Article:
I was sitting in a cloud, breathing with intent. Joe had gone ahead, upward, with the others. Their single-file track in the snow coalesced out of the pale gray gauze a few feet below me and disappeared back into it a few feet above me. Breathing had become a conscious act, a set of discrete steps. Pull each lungful in through the nose, fill to capacity, hold it for two seconds. Visualize oxygen bubbling into capillaries, and the heart jackhammering enriched bloodfuel down to leg muscles. Force the depleted air out through pursed lips to create backpressure, wringing every molecule. Repeat.
As I sat there on my pack, spine erect, eyes vacant, and my steady breaths adding white to the cloud, a finch, of a type I’d never seen before, appeared and landed on my ski pole sticking out of the snow three feet in front of me. It looked at me hard with first one small dark eye and then the other, and then flicked itself back into the cloud. By my feet, a spider of some kind crept calmly over the pure snow, going through its day. How does it live up here, in the cold, on the snow? When the cold had begun to seep through my layers of mountaineering clothes, I stood up slowly and shouldered my forty-pound pack, ready to continue the climb.
Eric, my patient shepherd, the guide who’d been dispatched to stay with me as I’d fallen further and further behind the team, had been waiting off to the side, watching me. He stood when I did, shouldered his own pack, looked me in the eye, nodded slightly, smiled encouragingly, and together we returned to the trail.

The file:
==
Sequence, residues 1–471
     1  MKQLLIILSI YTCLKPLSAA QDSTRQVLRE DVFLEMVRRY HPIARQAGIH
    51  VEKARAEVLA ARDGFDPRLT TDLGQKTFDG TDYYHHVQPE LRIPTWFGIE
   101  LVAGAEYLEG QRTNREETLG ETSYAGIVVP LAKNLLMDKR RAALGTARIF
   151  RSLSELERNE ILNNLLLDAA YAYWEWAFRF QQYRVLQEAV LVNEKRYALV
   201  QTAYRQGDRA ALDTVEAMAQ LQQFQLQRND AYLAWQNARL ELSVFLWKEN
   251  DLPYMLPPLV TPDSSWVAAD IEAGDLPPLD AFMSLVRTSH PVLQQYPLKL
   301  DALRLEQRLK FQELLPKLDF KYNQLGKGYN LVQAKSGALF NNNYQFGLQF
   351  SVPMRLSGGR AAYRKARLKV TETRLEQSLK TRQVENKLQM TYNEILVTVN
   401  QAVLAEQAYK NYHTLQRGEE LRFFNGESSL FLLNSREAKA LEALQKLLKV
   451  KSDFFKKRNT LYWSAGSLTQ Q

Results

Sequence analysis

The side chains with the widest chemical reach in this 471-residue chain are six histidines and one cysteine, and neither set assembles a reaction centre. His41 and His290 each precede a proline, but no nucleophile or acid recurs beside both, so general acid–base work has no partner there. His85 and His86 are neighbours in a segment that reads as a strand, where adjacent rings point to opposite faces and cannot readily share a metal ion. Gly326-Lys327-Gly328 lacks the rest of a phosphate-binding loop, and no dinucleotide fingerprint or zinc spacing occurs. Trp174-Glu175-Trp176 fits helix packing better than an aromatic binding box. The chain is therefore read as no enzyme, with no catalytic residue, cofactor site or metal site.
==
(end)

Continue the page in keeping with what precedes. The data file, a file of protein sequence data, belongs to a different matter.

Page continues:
A couple of hours later, when we rejoined the rest of the team in bright sunshine above the clouds at Camp Muir, elevation 10,000 feet and change, they were surprised to see us. They all thought I’d turned back. We’d gotten there about 30 minutes after the last of them. The bright summit of Mount Rainier was still over 4,000 feet above us.
“Where have you all been?” I joked, as they gathered around us. “Eric and I have been worried sick about you. Thank God you’re all safe.”
Everyone high-fived me, and patted me on the back for not giving up. “Man, am I glad to see you!” Joe said, beaming. He gave me a bro’ hug. “They said you’d turned back. Let’s get that pack off!” I was glad to see him, too.
Once I’d eaten and rested, and chomped down some chocolate covered coffee beans, Joe and I stood together in the slanting afternoon light, really digging the high, pristine place where we stood. The clouds below us had broken up and drifted away. We looked over what we could see of the path that had led us there. We’d come from Tulsa, Oklahoma, to climb Mount Rainier. We’d crossed many old paths of mine, along the way from Tulsa to Camp Muir.
Except that there’s really only one path, and who can say where it begins?